The keyboard is pretty good. Bit of a review.
Typing is far, far better, although my own speeds are generally 30-40 wpm anyway, and the new kit will take a few days to get up to speed. Logitech's layout is different, so things like the delete, home and end keys are slowing me down, but certainly far better. To be honest the old keyboard was getting to the point that I might type a sentence then find that a word or two was missing. The batteries were cutting out or something. That or the wireless aspect, although the mouse is fine.
Typing far better.
Brushed metal, with backlit keys, although not that important to me...but it's growing on me.
G1 - G18 keys. I have setup top twelve websites and the top six apps. Far faster for productivity.
Cons (being extra fussy, and it takes a while to explain):
There's a palm/wrist rest, and it clicks into place then is secured by a screw at either end. One of the screws was missing, so a little miffed about that, although, I can't see how it will affect the setup. Zero screws and it would require pressure to pop out of place.
Cable - Quite thick. Braided material. Fine. Two USB cables emanating from the other end. One for keyboard; one for pass through so you can connect a USB device to the keyboard, such as headphones. I use headphones rarely, so will most likely use it for the USB mouse receiver thingy. The mouse prior to the current one had problems communicating through the desk to the back of the PC, so I rigged up a three meter cable (for tidy route through kit) and popped the receiver to the base of the monitor, and have done likewise with the current one.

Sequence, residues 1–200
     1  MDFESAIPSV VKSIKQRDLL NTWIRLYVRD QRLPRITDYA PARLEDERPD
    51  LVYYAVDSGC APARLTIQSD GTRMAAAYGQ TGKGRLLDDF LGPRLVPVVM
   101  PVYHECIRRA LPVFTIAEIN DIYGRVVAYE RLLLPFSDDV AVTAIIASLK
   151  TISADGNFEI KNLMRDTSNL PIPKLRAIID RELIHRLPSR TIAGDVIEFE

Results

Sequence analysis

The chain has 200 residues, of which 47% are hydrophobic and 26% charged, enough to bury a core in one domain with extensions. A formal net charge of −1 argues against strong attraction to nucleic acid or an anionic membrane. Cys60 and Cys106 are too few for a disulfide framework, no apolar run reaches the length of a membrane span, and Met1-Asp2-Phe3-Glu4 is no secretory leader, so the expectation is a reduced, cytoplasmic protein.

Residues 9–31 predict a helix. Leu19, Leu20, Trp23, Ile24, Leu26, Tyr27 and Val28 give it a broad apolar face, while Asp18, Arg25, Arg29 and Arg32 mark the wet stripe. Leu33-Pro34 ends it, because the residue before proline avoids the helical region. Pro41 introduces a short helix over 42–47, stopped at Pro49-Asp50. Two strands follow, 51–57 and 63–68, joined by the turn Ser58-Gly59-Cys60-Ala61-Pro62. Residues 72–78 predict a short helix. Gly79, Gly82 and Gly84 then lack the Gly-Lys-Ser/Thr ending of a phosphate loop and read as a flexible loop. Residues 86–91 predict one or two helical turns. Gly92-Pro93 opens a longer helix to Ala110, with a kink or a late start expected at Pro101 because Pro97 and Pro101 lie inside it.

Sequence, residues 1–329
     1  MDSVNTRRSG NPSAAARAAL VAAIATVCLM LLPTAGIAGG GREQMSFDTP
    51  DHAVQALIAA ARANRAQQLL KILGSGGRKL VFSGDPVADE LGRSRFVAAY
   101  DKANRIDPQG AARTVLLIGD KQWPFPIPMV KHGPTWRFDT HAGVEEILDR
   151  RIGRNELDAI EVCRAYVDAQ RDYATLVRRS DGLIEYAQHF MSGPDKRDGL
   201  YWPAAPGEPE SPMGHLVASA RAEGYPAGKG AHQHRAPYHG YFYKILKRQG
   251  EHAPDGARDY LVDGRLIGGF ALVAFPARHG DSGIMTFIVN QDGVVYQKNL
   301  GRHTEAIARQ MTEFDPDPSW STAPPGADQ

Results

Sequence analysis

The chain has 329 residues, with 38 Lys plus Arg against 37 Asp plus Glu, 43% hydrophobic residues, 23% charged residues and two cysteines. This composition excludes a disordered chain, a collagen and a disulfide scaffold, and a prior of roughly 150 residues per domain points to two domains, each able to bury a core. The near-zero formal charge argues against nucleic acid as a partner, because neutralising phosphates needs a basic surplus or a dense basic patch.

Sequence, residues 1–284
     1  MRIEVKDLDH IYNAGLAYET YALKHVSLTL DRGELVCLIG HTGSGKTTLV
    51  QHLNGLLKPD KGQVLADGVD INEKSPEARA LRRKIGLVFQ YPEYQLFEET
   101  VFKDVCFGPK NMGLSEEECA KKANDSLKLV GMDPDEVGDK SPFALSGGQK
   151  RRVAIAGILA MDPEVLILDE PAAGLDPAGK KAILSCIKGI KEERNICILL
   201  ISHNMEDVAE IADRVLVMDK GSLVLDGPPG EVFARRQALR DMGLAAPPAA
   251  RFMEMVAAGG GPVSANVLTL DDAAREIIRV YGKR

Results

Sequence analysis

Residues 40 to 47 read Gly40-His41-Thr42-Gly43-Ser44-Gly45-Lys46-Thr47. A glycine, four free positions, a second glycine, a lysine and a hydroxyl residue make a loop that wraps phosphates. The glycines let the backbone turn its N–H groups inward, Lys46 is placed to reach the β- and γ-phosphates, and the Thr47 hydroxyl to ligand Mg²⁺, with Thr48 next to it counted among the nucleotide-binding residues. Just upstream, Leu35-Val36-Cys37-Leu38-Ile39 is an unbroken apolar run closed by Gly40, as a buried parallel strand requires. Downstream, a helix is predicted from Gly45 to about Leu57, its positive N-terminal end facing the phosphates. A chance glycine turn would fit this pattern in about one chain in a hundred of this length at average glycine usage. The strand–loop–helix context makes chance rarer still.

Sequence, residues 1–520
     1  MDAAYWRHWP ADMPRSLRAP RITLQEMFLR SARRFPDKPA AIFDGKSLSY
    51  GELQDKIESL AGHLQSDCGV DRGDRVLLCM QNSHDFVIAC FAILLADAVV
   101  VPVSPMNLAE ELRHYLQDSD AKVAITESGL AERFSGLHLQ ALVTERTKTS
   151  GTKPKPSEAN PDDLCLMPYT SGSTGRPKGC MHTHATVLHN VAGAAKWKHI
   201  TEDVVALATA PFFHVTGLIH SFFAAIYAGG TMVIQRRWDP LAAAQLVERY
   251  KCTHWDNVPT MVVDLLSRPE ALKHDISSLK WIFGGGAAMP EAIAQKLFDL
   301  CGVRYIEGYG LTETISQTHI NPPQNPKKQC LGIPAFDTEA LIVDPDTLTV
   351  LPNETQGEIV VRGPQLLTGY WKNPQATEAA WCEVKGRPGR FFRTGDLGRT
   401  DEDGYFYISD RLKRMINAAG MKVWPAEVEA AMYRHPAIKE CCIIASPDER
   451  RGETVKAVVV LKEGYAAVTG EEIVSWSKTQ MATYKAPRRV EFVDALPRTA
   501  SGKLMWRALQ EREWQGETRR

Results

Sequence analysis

However, the cables on the new keyboard are two meter and I need two extension cables, so if it's a 'Con' I would have preferred three meter cables, but that's probably me being fussy.
The volume control is a spinny wheel effort, which looks and feels great, but there's no visual volume on-screen as there was with the Logitech. No way of knowing the volume until you try it out.
G Keys - Config for websites is either beyond me on the normal method or is not an option. For example, to configure for an app, I just select an option "Launch Program", pop in the path, such as "%SystemRoot%\system32\mspaint.exe" for MS Paint, and it's assigned. There's no obvious way to do that other than to launch the default webpage in a new window (each click launches a new window; not a new tab!).
So here's the solution...create a batchfile to call the path. Create a .vbs file to call the batchfile (which gets rid of a popup command window), then get the keyboard config to call the .vbs file. Slightly slower at launching, especially if it's a new window. By slightly I mean half a second instead of instant. Subsequent tabs are pretty much instant. All a bit complicated, but once setup it's pretty nice.
So...typos for a week (I must have made 20-30 edits on this post), and if I can get Corsair to pop out a replacement screw, and get the new mouse to work via the passthrough...an Excellent piece of kit...and at £90+ so it damn well should be!
Anyway, have some pics. Another good excuse to use the camera:
- Out of the of the box
- How high the keys are
- Mode buttons (3 x G1-G18 keys = 54 buttons)
- Snazzy Corsair emblem and a cable as thick as a highlander's caber
- Media buttons and snazzy volume cylinder
- screw with circlip washer for fixing palm rest in place
- female end of previous piccy
- Backlit (33% - four settings, including 'off')
- Backlit in the dark (100%)
- Close up of r-h side, backlit, 100%
- Close up of l-h side, backlit, 100%
- Panned back for view of keyboard and much nicer things. You're welcome.
Nearly forgot - Back feet open from middle to end, which is good if you move your keyboard forwards and backwards at all (prevent feet closing I suppose), although there might be a slight chance of scratching the desktop as they are moulded plastic. We'll see. They definitely missed a trick there, by not rubber-ending the extending feet.